arl sternly, "I care not for the man's riches. How much has he?"
"Fifteen million two hundred and fifty thousand dollars," answered Gwendoline. Lord Oxhead leaned his head against the mantelpiece. His mind was in a whirl. He was trying to calculate the yearly interest on fifteen and a quarter million dollars at four and a half per cent reduced to pounds, shillings, and pence. It was bootless. His brain, trained by long years of high living and plain thinking, had become too subtle, too refined an instrument for arithmetic...
* * * * *
At this moment the door opened and Edwin Einstein stood before the earl. Gwendoline never forgot what happened. Through her life the picture of it haunted her--her lover upright at the door, his fine frank gaze fixed inquiringly on the diamond pin in her father's necktie, and he, her father, raising from the mantelpiece a face of agonized amazement.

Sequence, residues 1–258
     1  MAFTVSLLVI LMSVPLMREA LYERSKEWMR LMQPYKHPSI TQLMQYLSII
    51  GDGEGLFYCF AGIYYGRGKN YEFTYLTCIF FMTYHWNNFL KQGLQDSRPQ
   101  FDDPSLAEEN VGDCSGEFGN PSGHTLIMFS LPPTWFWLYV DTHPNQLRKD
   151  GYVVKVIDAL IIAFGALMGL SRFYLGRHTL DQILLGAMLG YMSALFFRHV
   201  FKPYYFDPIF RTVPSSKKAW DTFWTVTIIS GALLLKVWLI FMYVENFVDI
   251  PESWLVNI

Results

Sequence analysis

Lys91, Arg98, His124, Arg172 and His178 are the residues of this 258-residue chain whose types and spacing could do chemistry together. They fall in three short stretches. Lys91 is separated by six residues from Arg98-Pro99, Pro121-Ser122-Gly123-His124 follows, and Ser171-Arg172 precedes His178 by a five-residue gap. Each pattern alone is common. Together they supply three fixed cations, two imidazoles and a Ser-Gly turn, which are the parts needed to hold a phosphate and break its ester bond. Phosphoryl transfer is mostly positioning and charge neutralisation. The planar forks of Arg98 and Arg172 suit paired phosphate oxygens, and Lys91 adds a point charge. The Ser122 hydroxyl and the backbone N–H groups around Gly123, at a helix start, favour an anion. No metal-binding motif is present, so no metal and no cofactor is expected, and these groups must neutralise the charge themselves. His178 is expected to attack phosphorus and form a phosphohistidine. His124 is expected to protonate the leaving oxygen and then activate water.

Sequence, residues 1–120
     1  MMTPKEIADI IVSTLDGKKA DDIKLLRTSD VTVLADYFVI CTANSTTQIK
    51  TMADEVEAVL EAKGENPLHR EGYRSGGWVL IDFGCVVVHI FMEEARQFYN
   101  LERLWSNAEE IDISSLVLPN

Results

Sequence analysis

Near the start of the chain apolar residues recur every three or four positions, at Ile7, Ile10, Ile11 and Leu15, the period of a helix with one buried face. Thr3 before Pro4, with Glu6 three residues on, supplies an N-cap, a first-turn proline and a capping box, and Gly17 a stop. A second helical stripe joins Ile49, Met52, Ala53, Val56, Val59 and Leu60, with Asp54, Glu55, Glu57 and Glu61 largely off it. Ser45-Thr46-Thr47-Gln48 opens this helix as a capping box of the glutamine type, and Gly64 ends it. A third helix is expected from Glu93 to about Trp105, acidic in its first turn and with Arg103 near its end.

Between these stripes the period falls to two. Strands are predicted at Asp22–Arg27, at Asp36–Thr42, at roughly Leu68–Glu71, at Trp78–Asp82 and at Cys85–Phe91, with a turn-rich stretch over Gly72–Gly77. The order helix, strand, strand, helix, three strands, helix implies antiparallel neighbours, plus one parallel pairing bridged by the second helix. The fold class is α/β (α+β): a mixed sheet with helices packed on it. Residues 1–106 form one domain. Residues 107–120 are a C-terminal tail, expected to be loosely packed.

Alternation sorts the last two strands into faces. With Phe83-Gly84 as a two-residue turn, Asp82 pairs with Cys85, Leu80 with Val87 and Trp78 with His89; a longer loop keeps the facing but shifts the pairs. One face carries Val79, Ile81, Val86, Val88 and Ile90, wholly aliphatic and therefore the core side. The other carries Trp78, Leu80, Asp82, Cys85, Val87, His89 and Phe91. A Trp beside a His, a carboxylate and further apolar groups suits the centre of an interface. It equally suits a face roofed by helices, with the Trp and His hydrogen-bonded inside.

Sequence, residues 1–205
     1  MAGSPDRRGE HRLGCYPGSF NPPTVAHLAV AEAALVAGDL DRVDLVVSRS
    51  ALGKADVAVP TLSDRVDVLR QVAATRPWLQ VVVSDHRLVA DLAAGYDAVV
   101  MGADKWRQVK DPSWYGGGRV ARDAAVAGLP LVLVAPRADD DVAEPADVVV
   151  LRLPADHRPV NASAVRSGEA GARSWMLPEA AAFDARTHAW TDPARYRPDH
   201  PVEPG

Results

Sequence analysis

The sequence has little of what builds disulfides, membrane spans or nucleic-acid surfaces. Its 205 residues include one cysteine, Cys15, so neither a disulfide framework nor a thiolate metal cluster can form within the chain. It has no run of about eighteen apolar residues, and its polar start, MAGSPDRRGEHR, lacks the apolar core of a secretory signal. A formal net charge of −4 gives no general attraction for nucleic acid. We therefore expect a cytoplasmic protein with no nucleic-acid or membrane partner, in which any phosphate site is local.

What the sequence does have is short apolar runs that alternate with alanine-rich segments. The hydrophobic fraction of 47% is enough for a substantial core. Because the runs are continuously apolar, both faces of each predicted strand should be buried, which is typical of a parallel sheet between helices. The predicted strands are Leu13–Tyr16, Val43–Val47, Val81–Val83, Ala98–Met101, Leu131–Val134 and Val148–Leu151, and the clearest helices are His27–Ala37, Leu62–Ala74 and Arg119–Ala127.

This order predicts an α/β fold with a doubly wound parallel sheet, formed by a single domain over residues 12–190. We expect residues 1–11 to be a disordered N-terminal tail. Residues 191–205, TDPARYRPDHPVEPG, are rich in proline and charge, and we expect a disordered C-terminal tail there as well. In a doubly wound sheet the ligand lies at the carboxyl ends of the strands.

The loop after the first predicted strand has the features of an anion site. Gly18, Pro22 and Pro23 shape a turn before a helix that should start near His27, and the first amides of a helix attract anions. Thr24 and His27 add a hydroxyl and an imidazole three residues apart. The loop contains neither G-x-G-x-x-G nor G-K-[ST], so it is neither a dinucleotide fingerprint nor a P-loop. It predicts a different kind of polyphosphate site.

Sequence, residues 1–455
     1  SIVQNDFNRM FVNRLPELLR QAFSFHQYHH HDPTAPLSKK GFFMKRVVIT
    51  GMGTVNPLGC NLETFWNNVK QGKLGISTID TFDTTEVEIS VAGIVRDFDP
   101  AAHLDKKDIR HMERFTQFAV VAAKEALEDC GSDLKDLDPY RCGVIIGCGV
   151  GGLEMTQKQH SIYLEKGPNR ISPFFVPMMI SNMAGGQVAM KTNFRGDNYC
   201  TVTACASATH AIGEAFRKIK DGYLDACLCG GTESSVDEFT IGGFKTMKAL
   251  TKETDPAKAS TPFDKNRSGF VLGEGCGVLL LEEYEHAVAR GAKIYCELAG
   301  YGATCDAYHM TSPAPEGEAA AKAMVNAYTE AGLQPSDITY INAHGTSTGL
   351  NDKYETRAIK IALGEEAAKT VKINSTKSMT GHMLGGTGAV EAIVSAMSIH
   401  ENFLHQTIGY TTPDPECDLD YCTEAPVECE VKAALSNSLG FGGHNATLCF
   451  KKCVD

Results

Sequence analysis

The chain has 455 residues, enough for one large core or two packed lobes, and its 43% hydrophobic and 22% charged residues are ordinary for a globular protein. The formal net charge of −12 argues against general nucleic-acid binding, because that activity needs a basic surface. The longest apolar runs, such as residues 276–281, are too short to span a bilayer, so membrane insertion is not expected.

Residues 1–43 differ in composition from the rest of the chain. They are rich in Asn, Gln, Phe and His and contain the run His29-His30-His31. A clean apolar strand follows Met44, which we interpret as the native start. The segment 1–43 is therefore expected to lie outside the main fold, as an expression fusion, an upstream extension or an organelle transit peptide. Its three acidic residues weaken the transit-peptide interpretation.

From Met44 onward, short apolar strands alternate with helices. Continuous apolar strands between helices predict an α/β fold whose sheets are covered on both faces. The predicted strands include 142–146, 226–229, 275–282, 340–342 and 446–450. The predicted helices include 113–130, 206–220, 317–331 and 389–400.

"You! You!" he gasped. For a moment he stood to his full height, swaying and groping in the air, then f
A goodly bit of droll writing but the reader need not fear being too often disturbed by involuntary episodes of riotous chortling.
Some good essays, some weak, a few excellent as I see it.
Stephen Leacock certainly is the funniest of all humour writers, beating even Jerome K. Jerome. The short stories in this book simply make you erupt in laughter; not because the actions of the characters are portrayed as funny, but because the author maintains such a serious tone while describing utterly ludicrous scenes.
Especially recommended are "Boarding House Geometry", "A Lesson in Fiction" and "How to Avoid Getting Married."